For the Hourly Chart analysis, we’ll use the SPX. I’ll start by saying that I probably got my short-term cycles mixed-up, and that the 13-wk cycle was supposed to bottom in this time frame, and not a week ago. It makes a lot more sense. It also explains why there is some non-confirmation in the VIX and UUP. If the cycle turns up next week, the market should go up with it and the contrary indices should go down. They may already be anticipating a rally.
On top of the bottoming cycle, the top of the P&F target of 1210-1206 has also been reached, and if we have one more little wave down on Monday morning (to complete a 5-wave pattern), we could reach 1206 and then have a good rally. Should this rally fail to exhibit some strength, we would then be susceptible to dropping down to the next count of 1186.
The same channel support pointed out on the DJIA daily chart is shown here in green trend lines. There is also support from the former low (red horizontal line), and the mid-channel (dashed) trend line of the larger dark-blue channel. This is expected to be the main channel of the intermediate trend which started on October 4th. It should keep prices in an uptrend until it is violated.
The two top momentum indicators are telling us that the decline may still have a little more work to do before ending, but the lower A/D indicator is showing much more strength, thus signaling that the reversal is probably just a few hours away.
From last week: “The 13-wk cycle is due on Monday or Tuesday.” This was most likely the wrong time frame which was off by a week! The rest of last week’s statement still stands: “Afterwards, there are, to my knowledge, no significant cycles due to bottom until late December.”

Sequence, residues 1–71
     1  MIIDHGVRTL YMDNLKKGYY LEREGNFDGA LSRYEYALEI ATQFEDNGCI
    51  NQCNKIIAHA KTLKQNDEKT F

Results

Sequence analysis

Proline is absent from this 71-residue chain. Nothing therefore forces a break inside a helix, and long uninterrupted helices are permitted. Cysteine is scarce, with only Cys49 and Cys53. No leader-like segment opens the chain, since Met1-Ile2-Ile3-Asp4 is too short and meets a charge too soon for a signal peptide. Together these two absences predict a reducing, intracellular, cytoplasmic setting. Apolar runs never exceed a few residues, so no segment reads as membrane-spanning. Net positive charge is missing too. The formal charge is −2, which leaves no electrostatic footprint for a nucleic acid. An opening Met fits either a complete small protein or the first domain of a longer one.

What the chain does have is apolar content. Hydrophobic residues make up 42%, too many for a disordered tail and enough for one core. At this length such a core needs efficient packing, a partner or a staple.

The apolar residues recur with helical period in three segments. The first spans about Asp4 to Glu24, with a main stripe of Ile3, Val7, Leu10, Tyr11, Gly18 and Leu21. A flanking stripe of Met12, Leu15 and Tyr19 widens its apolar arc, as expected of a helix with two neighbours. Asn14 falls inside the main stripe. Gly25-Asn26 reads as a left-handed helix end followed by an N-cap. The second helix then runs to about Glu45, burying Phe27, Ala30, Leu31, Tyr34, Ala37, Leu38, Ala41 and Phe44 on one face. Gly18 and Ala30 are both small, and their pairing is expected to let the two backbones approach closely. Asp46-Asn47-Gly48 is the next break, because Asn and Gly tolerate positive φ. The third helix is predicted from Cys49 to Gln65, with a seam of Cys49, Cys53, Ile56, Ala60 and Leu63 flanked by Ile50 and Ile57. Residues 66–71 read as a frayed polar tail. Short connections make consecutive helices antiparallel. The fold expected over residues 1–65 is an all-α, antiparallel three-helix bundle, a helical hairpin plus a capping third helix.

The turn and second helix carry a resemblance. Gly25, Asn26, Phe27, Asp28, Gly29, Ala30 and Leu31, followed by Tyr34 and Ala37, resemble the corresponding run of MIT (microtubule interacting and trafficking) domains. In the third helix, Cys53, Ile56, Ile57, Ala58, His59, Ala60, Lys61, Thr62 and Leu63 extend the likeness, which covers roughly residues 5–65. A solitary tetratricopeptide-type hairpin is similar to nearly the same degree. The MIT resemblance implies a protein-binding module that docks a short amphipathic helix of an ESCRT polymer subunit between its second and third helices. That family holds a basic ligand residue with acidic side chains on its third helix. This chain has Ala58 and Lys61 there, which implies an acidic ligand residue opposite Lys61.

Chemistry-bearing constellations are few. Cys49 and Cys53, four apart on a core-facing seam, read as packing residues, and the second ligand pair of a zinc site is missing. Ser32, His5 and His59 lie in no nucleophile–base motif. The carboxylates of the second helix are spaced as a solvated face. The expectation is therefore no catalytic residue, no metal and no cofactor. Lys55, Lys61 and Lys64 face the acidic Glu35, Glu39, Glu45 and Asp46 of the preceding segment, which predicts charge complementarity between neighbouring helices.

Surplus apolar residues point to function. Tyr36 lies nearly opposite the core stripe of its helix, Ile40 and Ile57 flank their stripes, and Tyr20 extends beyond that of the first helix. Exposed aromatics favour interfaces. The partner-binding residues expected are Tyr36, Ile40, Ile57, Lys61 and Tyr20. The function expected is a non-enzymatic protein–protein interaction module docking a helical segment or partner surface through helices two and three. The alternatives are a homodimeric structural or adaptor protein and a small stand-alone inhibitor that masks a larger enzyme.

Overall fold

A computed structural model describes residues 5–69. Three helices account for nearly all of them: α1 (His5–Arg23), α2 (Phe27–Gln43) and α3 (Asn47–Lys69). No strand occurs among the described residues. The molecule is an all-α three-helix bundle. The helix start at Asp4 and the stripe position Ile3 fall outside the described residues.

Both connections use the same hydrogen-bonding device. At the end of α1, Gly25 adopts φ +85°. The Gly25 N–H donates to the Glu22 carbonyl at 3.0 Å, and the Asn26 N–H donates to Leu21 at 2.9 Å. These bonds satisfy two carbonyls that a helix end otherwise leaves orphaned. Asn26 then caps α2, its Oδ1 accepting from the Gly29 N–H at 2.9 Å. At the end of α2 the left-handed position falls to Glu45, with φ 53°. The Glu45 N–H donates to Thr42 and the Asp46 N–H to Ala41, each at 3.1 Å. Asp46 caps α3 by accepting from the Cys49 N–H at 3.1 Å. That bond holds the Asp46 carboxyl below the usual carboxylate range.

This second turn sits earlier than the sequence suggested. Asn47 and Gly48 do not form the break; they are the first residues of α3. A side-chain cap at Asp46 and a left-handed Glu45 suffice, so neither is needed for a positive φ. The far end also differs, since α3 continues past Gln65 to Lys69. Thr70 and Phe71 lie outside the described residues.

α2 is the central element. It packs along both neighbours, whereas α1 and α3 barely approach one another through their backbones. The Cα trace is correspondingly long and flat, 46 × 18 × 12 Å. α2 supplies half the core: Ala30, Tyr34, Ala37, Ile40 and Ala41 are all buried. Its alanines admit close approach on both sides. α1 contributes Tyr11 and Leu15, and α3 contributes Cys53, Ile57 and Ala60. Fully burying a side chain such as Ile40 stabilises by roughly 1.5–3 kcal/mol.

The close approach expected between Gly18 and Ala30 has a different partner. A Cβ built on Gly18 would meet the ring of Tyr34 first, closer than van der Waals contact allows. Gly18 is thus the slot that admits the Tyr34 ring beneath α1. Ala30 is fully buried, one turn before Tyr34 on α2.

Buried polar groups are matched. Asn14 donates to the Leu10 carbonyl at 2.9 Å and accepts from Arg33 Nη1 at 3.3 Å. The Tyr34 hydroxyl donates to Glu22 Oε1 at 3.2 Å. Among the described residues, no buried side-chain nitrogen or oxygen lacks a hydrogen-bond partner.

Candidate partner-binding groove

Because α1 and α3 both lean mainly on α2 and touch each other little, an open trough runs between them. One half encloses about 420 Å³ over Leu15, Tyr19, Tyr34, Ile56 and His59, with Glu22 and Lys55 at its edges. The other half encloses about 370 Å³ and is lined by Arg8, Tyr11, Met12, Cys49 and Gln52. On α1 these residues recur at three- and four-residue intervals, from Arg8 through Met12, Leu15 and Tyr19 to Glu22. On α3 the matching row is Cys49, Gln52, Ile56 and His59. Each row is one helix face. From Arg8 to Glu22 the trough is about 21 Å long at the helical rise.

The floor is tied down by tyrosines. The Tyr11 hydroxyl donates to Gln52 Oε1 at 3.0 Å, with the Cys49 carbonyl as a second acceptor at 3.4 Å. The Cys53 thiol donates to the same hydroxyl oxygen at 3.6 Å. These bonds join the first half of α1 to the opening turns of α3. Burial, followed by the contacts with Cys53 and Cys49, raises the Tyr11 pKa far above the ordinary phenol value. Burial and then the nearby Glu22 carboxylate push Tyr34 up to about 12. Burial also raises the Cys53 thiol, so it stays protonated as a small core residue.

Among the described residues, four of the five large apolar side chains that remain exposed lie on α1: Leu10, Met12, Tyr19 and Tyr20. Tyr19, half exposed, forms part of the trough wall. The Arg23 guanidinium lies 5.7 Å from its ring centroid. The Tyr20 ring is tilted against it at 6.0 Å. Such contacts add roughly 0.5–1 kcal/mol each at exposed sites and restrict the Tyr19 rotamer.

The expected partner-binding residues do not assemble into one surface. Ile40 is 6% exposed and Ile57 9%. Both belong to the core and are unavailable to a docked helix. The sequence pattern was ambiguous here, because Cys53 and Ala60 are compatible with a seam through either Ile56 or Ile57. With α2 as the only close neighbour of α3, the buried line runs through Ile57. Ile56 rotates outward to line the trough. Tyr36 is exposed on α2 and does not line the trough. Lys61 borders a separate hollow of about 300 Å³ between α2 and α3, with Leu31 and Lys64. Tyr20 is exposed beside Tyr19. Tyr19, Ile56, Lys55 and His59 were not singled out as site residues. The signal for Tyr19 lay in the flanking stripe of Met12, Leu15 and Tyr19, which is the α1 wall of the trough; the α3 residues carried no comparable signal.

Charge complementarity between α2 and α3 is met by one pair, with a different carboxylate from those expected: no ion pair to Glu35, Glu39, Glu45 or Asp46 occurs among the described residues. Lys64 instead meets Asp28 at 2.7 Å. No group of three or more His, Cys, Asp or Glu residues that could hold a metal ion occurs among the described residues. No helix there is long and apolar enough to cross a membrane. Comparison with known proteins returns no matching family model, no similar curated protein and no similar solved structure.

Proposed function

The NYSE Summation Index (courtesy of StockCharts.com) has barely acknowledged last week’s decline. As a result, the RSI is still very overbought and it is likely that we will need to extend the correction before attempting to go up again.
If the Summation Index holds up well during the RSI correction, we should be able to attract more buyers, and perhaps rally to new highs.
The SentimenTrader (courtesy of same) is confirming the oversold condition of the market. The short-term indicator has moved into the green. This adds to the possibility of a near-term rally.
Let’s compare the action of the SPX (bottom) to the VIX (top) to see if we can derive some clues about the future action of the market.
They are inverse images of each other and, as long as that relationship is exact, the trend in the SPX should continue in the same direction. If, however, the VIX begins to deviate, it could mean that it is about to reverse its direction, and so should the SPX.
The VIX shot up in early August, as the SPX was beginning to tank. Both indices temporarily ended their trends and went into a long consolidation pattern which ended with the SPX making a new low.
Accordingly, the VIX went in the opposite direction, but it failed to make a new high, and that was an indication that the SPX was about to reverse its trend from down to up. This warning was followed by a vigorous 217-point rally. As the SPX rallied, the VIX declined, both going into inverse triangular consolidation patterns.
On Thursday, the SPX made a new correction low, but the VIX did not make a new high! And on Friday, as the SPX went sideways, the VIX declined! It looks as if the pattern which took place in early October is about to repeat itself. That would mean that the VIX should continue to decline while the SPX starts to rally. If that happens, and subsequently the VIX breaks below its short-term and intermediate trend lines, it would probably mean that the SPX has ended its decline and should continue the rally which it started at 1075.
We are not there, yet, but the action of both indices in relationship to each other bears watching over the next couple of weeks.
THE DOLLAR INDEX (UUP)
UUP is making an interesting (weak) pattern which may have a profound effect on the equity market over the next few weeks.
The index has been in a long-term down channel since 6/10, and it does not seem in a big hurry to get out of it. The low that it made in May -- which was successfully re-tested in August -- is a higher low than the one made in 2008. Nevertheless, while a higher long-term low suggests that it should be ready to enter into a significant uptrend, it does not seem to be able to develop the necessary momentum.